There’s a heated discussion of vaccinations on a Facebook thread of mine, on which Pedram made such informative comments in response to a claim that whooping cough was coming back because of “over use of vaccination” that I requested and got permission to quote them here. The rest is Pedram.
No, high vaccination rates in the population means that a pathogen cannot replicate as quickly–many fewer hosts will be available. Vaccination is just a way of inducing a regular adaptive immune response (the adaptive immune cells are exposed to antigens that mark the dead or inactivated pathogen used in the vaccine, without the danger of an infection). If this is done extensively enough, the pathogen can quickly be suppressed or even (mostly) eradicated. Preventing new infections is a very fast way of stopping a disease in a population.
And, those few people who cannot get vaccinated (those with severely weakened immune systems, lymphoma, or very rare autoimmune conditions) can be protected by the ‘herd immunity’–if others aren’t being infected, no one can spread it to them. Now if vaccination rates are low, the pathogen has a chance to replicate again, starting with the unvaccinated people. After enough rounds of new infections, that suddenly expanding, once-small population of pathogen strains would be carrying a *lot* of low-frequency new mutations, and gradually, increased exposure of vaccinated individuals to non-vaccinated individuals (who are basically walking microbial culture vats at this point) means more chances for the resurgent pathogen to spread to them. That in turn gives a significant selection pressure–those variants among the myriad low-frequency mutants which differ in key antigens will slip unnoticed past the vaccine-primed immune systems (which were adapted to the old strains), and the fast spread will begin anew. **And even worse, those low-frequency mutants will still be among a whole bunch of medium-frequency ‘freak’ mutants, since the previously severely contracted population of pathogen would have left various strains that possibly differ substantially from the wild type of the past, just by sampling error (i.e. genetic drift), but now supplemented with this explosion of new mutants.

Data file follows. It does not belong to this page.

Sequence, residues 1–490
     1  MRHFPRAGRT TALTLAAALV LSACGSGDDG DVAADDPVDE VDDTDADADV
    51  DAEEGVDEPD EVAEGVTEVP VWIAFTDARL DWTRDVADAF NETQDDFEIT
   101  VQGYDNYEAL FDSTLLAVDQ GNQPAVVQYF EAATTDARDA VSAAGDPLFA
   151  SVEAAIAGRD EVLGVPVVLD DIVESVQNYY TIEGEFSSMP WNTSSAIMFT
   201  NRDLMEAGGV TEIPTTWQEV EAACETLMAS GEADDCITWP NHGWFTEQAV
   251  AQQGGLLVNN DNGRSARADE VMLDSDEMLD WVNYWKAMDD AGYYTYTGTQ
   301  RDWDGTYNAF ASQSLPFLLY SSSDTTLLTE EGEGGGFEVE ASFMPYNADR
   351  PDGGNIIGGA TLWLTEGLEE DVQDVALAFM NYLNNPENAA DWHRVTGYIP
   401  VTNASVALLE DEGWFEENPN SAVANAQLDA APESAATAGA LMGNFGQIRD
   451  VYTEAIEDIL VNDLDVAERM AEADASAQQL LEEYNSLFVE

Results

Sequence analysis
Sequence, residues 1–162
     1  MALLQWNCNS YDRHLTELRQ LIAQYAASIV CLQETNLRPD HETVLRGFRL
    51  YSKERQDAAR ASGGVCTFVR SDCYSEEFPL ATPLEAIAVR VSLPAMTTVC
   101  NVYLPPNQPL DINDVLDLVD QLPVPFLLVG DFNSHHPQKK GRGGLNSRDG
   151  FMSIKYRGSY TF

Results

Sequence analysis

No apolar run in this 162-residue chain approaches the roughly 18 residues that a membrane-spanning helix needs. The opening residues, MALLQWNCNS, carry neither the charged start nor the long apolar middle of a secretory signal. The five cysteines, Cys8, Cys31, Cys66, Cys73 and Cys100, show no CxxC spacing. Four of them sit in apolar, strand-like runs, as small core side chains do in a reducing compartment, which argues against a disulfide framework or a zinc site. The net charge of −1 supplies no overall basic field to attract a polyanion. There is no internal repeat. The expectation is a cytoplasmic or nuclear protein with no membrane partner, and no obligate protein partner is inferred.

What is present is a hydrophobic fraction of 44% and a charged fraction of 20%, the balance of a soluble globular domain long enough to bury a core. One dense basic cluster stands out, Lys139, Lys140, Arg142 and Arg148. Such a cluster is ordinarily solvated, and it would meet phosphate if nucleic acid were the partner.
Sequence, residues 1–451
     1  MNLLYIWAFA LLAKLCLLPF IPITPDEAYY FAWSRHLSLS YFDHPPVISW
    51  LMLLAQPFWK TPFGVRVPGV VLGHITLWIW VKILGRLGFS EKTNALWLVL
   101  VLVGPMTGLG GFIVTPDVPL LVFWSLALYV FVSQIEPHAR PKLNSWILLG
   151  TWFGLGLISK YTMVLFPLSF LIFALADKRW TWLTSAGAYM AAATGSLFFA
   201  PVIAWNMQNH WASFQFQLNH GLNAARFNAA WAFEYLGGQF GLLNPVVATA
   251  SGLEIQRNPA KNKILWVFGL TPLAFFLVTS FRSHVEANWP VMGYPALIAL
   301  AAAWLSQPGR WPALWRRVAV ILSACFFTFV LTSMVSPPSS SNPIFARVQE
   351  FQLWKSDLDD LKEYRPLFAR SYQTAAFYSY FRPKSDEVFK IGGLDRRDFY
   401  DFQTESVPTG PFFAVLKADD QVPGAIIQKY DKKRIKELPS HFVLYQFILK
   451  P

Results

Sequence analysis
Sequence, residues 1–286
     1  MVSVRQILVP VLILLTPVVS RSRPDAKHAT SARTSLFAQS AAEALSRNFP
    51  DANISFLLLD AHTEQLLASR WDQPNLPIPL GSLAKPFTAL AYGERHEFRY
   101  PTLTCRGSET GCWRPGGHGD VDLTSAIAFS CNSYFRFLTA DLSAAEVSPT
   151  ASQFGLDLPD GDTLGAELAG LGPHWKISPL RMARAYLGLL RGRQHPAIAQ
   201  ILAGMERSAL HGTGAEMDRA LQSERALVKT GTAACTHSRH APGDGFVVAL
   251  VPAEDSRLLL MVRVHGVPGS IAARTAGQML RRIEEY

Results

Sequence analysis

Antibiotic overuse is totally different. It is most often the problem when they’re being misused–‘stretched’ in low doses, or the dosing is terminated prematurely. Most mutations which confer resistance to an antibiotic (or antivirals, for that matter) are also costly in terms of replicative fitness, since they involve changes in structure of key receptors or overactivity of some metabolic enzyme, so fully-resistant strains are extremely rare. Strong, sustained antibiotic dosing regimens kill off infections. But decreased antibiotic concentration means that partially-resistent strains (shitty replicators, but better against antibiotics than the wild type strain) can outcompete their nonresistant counterparts. Once enough of them survive, more replicative generations means more chance for some other mutation to appear which compensate for the resistance traits’ effects on replication, or complete the resistance without further reproductive cost, so the resistant strain takes off. Vaccines on the other hand aren’t killing off robust and diverse populations of pathogens–rather, they prevent new infections by small founding populations, which are overwhelmed by the vaccine-primed immune system’s fast adaptive response.
Nature doesn’t choose how to adapt. Adaptations happen because of changes in average genetic variants in the population, due to some variants replicating more frequently than other variants.